(UAC) User Assisted Compromise


A number of times during tests I’ve actually run into those mythical creatures called “patched windows machines”. At DerbyCon Chris Gates and I released the “Ask” post module (which I had failed to publish). This module very simply uses the ShellExecute windows function via Railgun with the undocumented (but very well known) operator of ‘runas’. These two lines accomplished that:

client.railgun.add_function( 'shell32', 'ShellExecuteA', 'DWORD',[["DWORD","hwnd","in"],["PCHAR","lpOperation","in"],["PCHAR","lpFile","in"],["PCHAR","lpParameters","in"],["PCHAR","lpDirectory","in"],["DWORD","nShowCmd","in"],])

This would quite simply prompt the user with that annoying UAC prompt asking the user to run ’evil.exe’ with Administrative privs. If they are not “Admins” themselves then it would prompt them for the user name and password (normally the case in systems attached to domains). Something to be aware of: If your evil.exe is not code-signed the UAC box will be orange instead of blue. You can get around this a bit by using rundll32.exe (which is signed ;-) ) as is svchost.exe. (You may also want to not name it evil.exe)

The downfall here is that 1. You have to drop a binary (boooo) 2. You are prompting the user for UAC control when they didn’t do anything to cause it. Users are generally as smart as bait, but it’s good practice to assume to the contrary. If for nothing else other than to challenge yourself to up your game.

Number 1 I’ll leave to another post, so lets solve #2.

When a “runas” ShellExecute (which UAC runs natively #hint#hint) a few registry locations are checked. One I’d like to point out is the HKLM\Software\Classes\exefile key. The ’exefile’ as should be obvious is the registry settings for executables, and as such tells Windows how to interact with them. In HKLM (which is only writable by Administrators) the “shell\open”, “shell\runas” and “shell\runasuser” subkeys exist (the structure looks oddly familiar to anyone who visited the ShellExecute page more than once). Inside “shellopencommand” the default string has “%1” %* - this basically means execute the binary %1 and hand the arguments given directly to it %*. Awesome! From here you can alter how every EXE runs on the system (don’t do it, Windows doesn’t like you afterwards, trust me, and remember to snapshot if you don’t).

Great, but how does this help us, we aren’t admins. HKCU is writable by the ‘Current User’ hence the name, and it so happens to have a very similar registry path: HKCU\Software\Classes. Depending on your system, it may or may not have a “exefile” subkey. If it doesn’t it’s pretty easy to create. Lets make it match the “runas” one in HKLM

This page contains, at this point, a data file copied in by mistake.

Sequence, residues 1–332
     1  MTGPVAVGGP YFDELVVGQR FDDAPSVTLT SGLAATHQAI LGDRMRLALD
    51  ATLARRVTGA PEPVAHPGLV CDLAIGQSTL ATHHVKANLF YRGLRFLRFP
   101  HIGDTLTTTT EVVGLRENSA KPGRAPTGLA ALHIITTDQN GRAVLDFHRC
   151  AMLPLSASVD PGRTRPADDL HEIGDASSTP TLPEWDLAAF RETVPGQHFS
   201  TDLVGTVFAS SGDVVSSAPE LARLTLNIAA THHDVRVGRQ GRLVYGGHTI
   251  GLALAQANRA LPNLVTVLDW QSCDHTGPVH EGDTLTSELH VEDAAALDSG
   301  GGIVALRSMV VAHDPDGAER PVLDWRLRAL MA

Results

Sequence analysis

The tree should look something like this when you are done:

  • HKLM
    • Software
      • Classes
        • exefile
          • shell
            • runas
              • command

Under command change the default value to “%1” %* just as it is in HKLM, and add a new String value called ‘IsolatedCommand’ with the same value as default. With these settings, very little has changed on the system or its operation. However, if we change the ‘IsolatedCommand’ String to ’notepad.exe’ and attempt to ‘Run As Administrator’ on that system using any binary guess what happens? Notepad! (as Admin). w00t. Now we can swap in our evil.exe and bob wins right? Sorta. We still have that horrible problem of stealth. Whatever the user was trying to UAC up won’t work, and they’ll try it again, and start investigating the problem, which we don’t want them to do.

Enter ‘runyou.exe’, it’s some very simple C++ that weighs in at a whopping 8k when compiled (probably could loose some weight by those who know better compiler options):

#include "windows.h"
#include "stdio.h"
#include "tchar.h"

int _tmain(int argc, _TCHAR* argv[])
    if (argv[1])
        if (argv[2])
    return 0;

This code executes the first program visibly and then the second hidden. You probably see where this is going, but we change our IsolatedCommand String to runyou.exe %1 evil.exe and now we give them exactly what they want in an elevated state, but also get our evil binary there too ;-)

The very real down side to this is you have to wait for the user to use UAC (this does not work if someone else does, it’s only for the current user HKCU). But, as a side benefit, it’s a very real form of sneaky persistence as well, as it will execute our evil binary every single time they use UAC.

Game Over… ;-)